Seaview Beach and Amusement Park (1945-1965)
Top: Aerial view of Seaview Beach. Sargeant Memorial Collection, Norfolk Public Library. Below: Google Earth, 2017.
An advertisement for Seaview. Norfolk Journal and Guide, May 18, 1946.
An advertisement for Seaview. Norfolk Journal and Guide, June 23, 1947.
Ads for entertainers performing at Seaview Norfolk Journal and Guide, August 31, 1946 Norfolk Journal and Guide, March 27, 1948
A picture from a Miss Tidewater beauty competition ODU Special Collections and Archives
A page from: Life Magazine, August 18, 1947.
A layout of the Seaview resort facilities. Sargeant Memorial Collection, Norfolk Public Library
Backstory and Context
In 1945, William T. Mason, one of the first Black millionaires in Virginia, Dr. Wilbur Watts, a dentist in Portsmouth, and William E. Waters, principal of I.C. Norcom High School, along with 18 other African-American businessmen and professionals, pooled their money to create a beach resort where they could be free from white harassment. The founders decided to purchase a property containing a former club for $45,000, along with an additional fifty-acres for $35,000. The additional land was purchased with the intent of selling lots for permanent resort homes.
Operation Period Amenities:
When Seaview opened, the newspapers raved about the white sand beaches and decorations in the main building. The two-story main building was 300 feet long and was white with the exception of the red roof. The building included a modern ballroom, the main attraction, along with a number of other rooms including 40 hotel rooms. The 20-year old main building was originally built for the Knight's Templar group. It later served as a whites-only dance and beach club before its sale to the Seaview group. The founders would make constant improvements to augment the quality of the resort throughout its operation. For example, in 1946, the resort launched a $200,000 expansion with a restaurant, rides, a Ferris wheel, and infrastructure upgrades. Other desired plans included a 3,000 seat auditorium, golf and tennis courts, and a 100-room hotel, but were not acted on due to the $350,000 price tab. Instead, the investors installed a $50,000 picnic section which had a 1,000 person capacity. The rides were some of the main allures to the resort, including the Ferris wheel, merry-go-round, sightseeing motorboats, skeeball, bumper cars, a moon rocket ride, and other smaller ones. In 1956, the founders had already invested over $1 million into the resort, and even more changes were made in 1957 where the founders renovated the hotel, overhauled all rides, and constructed a modern bathhouse with showers and lockers.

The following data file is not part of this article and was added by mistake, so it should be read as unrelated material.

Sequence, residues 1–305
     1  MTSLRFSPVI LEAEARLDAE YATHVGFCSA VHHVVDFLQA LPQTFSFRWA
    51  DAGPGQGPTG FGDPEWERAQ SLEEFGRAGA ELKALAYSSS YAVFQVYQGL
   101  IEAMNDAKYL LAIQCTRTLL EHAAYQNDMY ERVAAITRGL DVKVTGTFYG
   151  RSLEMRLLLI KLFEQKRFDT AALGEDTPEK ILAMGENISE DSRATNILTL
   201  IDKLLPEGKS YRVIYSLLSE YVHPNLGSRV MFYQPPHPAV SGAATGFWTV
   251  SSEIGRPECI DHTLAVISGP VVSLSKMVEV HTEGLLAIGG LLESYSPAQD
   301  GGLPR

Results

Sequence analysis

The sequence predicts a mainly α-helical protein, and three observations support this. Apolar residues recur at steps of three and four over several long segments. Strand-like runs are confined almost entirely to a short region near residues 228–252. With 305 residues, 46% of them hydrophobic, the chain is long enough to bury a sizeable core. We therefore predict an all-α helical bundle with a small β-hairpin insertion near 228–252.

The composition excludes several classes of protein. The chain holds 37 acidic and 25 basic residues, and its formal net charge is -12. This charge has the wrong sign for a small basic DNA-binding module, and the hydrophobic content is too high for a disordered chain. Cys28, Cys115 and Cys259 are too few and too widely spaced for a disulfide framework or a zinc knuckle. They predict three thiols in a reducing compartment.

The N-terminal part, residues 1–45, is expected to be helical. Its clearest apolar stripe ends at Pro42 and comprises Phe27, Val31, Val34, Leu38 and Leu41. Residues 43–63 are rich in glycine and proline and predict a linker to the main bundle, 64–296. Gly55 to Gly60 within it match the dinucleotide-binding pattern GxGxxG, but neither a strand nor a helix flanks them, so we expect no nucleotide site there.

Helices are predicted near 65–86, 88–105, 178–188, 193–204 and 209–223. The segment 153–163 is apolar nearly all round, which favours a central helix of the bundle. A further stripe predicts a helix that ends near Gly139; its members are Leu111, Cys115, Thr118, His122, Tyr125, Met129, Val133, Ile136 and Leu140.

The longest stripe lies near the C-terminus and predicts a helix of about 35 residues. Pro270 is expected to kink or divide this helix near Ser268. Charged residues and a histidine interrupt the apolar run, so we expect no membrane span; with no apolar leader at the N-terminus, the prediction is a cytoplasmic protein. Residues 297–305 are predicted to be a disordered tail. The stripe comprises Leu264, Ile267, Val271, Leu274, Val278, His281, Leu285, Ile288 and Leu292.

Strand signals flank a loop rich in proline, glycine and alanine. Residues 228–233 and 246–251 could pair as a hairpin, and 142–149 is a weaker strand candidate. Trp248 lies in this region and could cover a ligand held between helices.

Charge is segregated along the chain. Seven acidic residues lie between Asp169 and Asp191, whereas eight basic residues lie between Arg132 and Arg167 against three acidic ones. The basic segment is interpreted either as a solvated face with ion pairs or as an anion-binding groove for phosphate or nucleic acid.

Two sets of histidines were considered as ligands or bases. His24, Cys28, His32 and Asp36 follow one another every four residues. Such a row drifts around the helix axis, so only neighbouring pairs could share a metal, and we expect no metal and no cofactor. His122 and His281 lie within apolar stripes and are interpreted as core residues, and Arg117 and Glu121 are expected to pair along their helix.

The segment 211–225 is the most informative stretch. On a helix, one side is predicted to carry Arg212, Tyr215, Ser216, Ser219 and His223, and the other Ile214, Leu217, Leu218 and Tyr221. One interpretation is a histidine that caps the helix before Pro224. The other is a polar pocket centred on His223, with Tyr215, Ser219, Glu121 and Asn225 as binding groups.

Besides the amusement park rides, bath house, and other fun amenities, the Seaview resort attracted performers and countless other events. For example, the resort was used as a venue for bingo, a trained chimpanzee, and upcoming and established artists. Some of the well known acts that performed at the venue include Jimmie Lunceford's Orchestra, Louie Armstrong, Ella Fitzgerald, Count Basie, Ruth Brown, Mercer Elllington, Dizzy Gillespie, Hot Lips Page, and Patterson and Jackson. They even featured Sweethearts of Rhythm, a popular women's interracial jazz band. Miss Seaview and Miss Tidewater events also enchanted crowds at the resort, along with gathering events for large clubs and the African-American elite of the area. Clubs like the Eureka Club held their large-scale events at Seaview, often reserving the ballroom which was the most popular entertainment room at the resort. Groups like Morning Glory Social and Savings Club, churches, and the Kit Kat Club all reserved spaces for the venue.
Issues and Demise:
In addition to the occasional illegal gambling and scuffles at the resort, infighting among the board of directors created issues for the resort; however, by far the greatest blow to the success of the resort was the passing of the Civil Rights Act of 1964. When this act passed, African Americans could enjoy any park they wanted to in the area, so Seaview became less of a hot spot for patrons as they opted for closer beaches and resorts. A year later in 1965, the owners closed the resort, citing the now cutthroat competition. The land was purchased by David Levine for $500,000, but he eventually sold part of it to Virginia Beach to use for dredging. An inspection of the main building determined that it was unsafe for continued use, and it was demolished in February of 1966, ending the era of what the Norfolk Journal and Guide described as "the largest and best Negro beach resort in America." Today, it is the location for a condominium and apartment complex, but its history is not forgotten.